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Resilience in the New Jersey Market
June 01, 2022

Iconic image after Hurricane Sandy - rollercoaster in the sea - with title text overlaid

Hurricane Sandy made landfall near Brigantine on October 29, 2012 as a large hurricane/post-tropical cyclone. The resulting tidal surge of water was impressive, as its effects were felt well north of the storm’s center, near the New York City lower bay and harbor. Coastal flood levels that were recorded in New Jersey included 4 to 9 feet in Monmouth and Middlesex Counties, and between 3 to 7 feet in Union and Hudson Counties. The Star Ledger had reported at the time that economic toll of the Hurricane would be approximately $30 billion in New Jersey. This resulted in a massive financial impact for many New Jersey households.


New Jersey took note…
 

As the State rebuilt from the storm, a Science and Technical Advisory Panel (STAP) on Sea-Level Rise and Coastal Storms was convened by Rutgers University. They have published two reports; one in 2016 and 2019. In their reports, the Panel provides insight to enhance resilience of the State’s places and assets to coastal storms, sea-level rise, and their resulting flood risk. Since New Jersey’s Land Use Resource Protection (LURP) program is a stakeholder, their regulations take guidance from STAP, in order to provide protections to its resources, so that the development community incorporates resilience in its design practices.

SESI continues to provide resilient design in accordance with Best Practices while keeping our client’s vision at the forefront. The following projects are examples of SESI’s unique approach while working closely with the NJDEP to successfully incorporate resilience.

Image of completed project, a self-storage facility, on the border of Nutley and Clifton

SELF-STORAGE, CITY OF CLIFTON/TOWNSHIP OF NUTLEY
 

This recently constructed project included a three (3) story, 40,800-sf footprint area, self-storage facility on a 5-acre parcel that straddles the municipal borders of the City of Clifton and the Township of Nutley. A portion of the Third River’s floodplain is located along the rear of the property. This flooding is due to backwater effects from the River extending landward, into the property.

The project required a NJDEP Flood Hazard Area Permit to authorize the new building and stormwater management system. In addition, both City of Clifton and Township of Nutley’s land use approvals were required to construct the facility.

To address resilience concerns such as floor elevation above the floodplain, flood storage, and stormwater management functionality, the following elements were included in the project plans:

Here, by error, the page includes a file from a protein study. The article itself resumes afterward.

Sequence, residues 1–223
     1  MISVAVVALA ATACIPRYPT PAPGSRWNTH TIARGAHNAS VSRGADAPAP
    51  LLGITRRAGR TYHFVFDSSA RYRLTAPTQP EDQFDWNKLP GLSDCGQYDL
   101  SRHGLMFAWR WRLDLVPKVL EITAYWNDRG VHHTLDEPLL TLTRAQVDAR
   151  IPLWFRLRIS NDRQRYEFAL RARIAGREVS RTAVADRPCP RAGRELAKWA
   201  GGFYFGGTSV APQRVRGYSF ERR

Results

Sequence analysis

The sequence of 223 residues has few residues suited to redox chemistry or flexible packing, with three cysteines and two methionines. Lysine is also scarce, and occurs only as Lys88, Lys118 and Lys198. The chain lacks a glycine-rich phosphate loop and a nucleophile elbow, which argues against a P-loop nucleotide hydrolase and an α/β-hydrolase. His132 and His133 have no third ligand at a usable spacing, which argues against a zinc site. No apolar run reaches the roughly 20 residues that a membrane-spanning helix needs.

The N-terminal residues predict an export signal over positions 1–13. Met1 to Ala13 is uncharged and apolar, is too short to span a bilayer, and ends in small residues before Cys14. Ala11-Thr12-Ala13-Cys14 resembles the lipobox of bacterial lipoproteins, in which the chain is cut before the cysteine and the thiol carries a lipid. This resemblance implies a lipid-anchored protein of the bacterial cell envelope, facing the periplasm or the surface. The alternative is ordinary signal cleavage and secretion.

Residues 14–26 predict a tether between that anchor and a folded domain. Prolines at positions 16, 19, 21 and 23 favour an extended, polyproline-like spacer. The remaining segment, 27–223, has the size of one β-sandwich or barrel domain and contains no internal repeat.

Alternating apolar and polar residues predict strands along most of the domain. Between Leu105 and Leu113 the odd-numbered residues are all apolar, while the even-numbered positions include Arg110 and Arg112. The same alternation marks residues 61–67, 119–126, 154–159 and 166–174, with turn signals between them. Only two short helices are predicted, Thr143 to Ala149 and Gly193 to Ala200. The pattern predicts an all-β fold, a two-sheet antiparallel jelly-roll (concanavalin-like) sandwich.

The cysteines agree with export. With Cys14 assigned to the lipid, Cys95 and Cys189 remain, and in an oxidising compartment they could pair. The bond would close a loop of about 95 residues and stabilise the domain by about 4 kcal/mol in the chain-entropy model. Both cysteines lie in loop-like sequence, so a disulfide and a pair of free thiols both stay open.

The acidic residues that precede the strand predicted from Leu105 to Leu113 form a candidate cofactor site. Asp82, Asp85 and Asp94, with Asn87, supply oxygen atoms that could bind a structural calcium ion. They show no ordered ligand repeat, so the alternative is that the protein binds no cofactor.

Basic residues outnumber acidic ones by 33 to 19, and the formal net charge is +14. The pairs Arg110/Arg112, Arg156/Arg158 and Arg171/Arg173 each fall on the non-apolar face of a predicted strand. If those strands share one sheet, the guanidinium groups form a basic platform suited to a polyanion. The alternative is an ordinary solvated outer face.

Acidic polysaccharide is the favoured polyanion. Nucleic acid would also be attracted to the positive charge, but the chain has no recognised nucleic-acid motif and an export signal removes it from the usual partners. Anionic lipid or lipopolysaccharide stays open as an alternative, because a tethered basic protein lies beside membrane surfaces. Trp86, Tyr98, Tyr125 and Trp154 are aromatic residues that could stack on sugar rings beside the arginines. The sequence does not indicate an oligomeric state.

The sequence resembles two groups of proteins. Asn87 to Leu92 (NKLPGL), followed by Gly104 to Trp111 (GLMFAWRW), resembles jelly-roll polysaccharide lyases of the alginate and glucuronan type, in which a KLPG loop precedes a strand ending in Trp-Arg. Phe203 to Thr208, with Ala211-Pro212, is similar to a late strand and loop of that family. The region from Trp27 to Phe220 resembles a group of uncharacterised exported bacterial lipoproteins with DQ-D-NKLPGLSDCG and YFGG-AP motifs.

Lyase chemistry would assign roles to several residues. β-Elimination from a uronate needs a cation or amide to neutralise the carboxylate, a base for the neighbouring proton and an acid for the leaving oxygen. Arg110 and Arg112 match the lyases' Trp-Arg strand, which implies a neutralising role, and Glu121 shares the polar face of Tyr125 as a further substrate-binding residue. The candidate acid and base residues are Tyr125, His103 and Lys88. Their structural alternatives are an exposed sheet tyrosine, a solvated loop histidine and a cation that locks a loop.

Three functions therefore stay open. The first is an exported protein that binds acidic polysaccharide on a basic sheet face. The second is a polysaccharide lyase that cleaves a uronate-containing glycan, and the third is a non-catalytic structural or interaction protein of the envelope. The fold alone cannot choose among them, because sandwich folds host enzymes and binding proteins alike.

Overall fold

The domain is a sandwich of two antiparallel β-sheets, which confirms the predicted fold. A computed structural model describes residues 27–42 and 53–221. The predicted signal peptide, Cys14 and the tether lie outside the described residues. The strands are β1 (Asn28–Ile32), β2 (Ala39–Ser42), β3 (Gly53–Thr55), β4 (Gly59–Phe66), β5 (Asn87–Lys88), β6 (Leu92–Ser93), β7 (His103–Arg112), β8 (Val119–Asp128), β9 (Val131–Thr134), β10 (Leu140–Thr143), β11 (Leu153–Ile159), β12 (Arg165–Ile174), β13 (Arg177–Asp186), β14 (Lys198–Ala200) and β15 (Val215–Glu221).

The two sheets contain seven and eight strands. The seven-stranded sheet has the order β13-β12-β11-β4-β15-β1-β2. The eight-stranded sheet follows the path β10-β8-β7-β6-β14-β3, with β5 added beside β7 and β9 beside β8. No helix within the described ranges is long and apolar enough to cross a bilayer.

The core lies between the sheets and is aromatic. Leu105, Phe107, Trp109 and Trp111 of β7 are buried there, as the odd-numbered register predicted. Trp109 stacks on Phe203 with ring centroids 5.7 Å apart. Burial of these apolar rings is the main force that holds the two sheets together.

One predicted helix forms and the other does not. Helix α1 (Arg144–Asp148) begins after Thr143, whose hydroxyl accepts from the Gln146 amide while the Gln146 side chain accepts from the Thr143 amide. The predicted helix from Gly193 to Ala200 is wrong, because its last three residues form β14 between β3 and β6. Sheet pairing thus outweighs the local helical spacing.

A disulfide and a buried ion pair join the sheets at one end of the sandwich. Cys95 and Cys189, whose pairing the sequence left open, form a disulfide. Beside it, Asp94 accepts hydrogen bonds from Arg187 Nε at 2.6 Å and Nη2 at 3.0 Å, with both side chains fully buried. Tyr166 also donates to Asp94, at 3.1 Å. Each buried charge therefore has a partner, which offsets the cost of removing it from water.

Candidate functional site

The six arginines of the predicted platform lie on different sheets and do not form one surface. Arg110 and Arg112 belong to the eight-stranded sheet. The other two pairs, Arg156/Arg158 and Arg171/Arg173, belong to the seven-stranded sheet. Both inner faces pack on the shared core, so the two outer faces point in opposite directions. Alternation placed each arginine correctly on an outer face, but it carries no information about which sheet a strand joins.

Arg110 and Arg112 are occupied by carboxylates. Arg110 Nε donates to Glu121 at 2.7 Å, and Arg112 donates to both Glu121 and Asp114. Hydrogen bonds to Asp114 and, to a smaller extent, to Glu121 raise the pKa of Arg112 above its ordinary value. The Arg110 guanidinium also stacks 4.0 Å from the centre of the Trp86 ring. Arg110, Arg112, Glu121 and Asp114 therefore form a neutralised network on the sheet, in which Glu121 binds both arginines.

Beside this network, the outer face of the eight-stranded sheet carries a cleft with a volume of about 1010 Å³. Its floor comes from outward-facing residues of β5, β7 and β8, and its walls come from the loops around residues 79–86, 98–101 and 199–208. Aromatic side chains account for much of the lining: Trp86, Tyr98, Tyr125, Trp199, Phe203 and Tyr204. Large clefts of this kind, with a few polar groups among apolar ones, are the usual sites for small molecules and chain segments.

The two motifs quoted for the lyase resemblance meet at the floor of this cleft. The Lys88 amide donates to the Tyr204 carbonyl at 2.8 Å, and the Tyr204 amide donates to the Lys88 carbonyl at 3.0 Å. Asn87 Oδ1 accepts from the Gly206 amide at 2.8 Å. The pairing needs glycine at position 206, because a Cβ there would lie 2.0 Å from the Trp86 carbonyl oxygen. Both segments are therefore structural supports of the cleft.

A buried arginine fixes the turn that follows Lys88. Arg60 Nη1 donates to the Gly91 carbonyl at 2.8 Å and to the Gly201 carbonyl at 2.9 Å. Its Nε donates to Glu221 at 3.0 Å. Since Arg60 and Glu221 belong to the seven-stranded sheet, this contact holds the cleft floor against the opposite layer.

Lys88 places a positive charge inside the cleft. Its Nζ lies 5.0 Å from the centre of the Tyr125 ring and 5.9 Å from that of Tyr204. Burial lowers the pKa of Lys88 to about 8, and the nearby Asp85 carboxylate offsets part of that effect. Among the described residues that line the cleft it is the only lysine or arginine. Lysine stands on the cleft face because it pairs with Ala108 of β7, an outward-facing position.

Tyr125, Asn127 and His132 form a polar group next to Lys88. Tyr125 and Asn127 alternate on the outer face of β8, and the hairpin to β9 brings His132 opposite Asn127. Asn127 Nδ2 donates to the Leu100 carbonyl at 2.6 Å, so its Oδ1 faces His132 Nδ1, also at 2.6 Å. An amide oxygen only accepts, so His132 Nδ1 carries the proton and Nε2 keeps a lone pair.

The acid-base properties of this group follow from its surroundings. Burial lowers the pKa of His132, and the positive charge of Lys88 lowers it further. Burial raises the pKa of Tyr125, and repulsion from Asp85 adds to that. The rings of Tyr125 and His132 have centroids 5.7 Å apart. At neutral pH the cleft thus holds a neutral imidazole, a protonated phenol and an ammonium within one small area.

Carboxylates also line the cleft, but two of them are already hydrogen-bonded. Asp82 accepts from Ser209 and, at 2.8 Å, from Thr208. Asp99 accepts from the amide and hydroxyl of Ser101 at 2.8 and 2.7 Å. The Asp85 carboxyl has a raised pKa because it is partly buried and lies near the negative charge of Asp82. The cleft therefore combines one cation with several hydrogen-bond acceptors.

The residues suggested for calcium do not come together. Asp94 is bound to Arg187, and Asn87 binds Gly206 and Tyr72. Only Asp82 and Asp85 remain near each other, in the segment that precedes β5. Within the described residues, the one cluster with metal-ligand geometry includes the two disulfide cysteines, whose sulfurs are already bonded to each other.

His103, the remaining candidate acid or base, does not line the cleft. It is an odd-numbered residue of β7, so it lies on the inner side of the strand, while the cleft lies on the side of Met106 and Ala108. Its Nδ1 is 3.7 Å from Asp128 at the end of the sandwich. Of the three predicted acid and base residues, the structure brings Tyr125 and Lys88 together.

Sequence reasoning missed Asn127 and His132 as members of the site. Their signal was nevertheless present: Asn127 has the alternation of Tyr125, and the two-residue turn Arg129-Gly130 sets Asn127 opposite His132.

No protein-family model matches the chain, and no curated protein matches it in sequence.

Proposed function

• An ADS HP Storm on-site underground detention system consisting of three (3) rows of sixty (60) inch diameter pipe, was installed. A Tideflex Checkmate valve was installed to ensure that backwater from the municipal storm system would not enter the on-site system and impact storage and outflow from it.
• The rear portion of the property was re-graded to provide additional on-site flood storage during storm events.
• The floor elevation of the self-storage building was set at three (3) feet above FEMA’s 100-year flood elevation across the property.

Rendering of Warehouse in Lyndhurst, New Jersey

WAREHOUSE, TOWNSHIP OF LYNDHURST
 

This recently constructed redevelopment project included an 85,000-sf footprint warehouse facility on a 6-acre parcel on 210 Clay Avenue, in the Township of Lyndhurst. The property is located within the tidal floodplain of the Berry’s Creek. On-site flooding is due to backwater effects from the Creek, via a tributary that traverses the property’s southern boundary.

The project required a NJDEP Flood Hazard Area Permit to authorize the redevelopment. Previously, the site was home to a multi-story building and extensive, paved parking and driveway areas. There were old drainage pipes that conveyed runoff to various points along the tributary, but were damaged.

Since this property is located within the New Jersey Sports and Exposition Authority (NJSEA), this Agency conducted a rigorous review of the design plans.

To address resilience concerns brought up by the regulatory agencies such as floor elevation above the floodplain, truck ingress and egress during storm events, and stormwater management functionality, the following elements were included in the project plans:
• New drainage pipes were installed, along with CDS manufactured treatment devices (MTDs), and Tideflex checkmate valves, to ensure that treated runoff from the site would release in a controlled manner into the tributary, and that backwater would not flow back into the on-site pipes, affecting their flow capacities.
• The interior parking and driveway areas were regraded so they were at or above FEMA’s 100-year flood elevation.
• The floor elevation of the warehouse building was set at five and a half feet above FEMA’s 100-year flood elevation across the property.


As STAP continues to update resilience guidance to the development community, SESI will continue to incorporate this into our design plans while maintaining a clear understanding of our client’s objectives. This type of blended thinking will result in a successful, resilient, New Jersey market.

 

--Written by Anthony Castillo, PE 
SESI Consulting Engineers Principal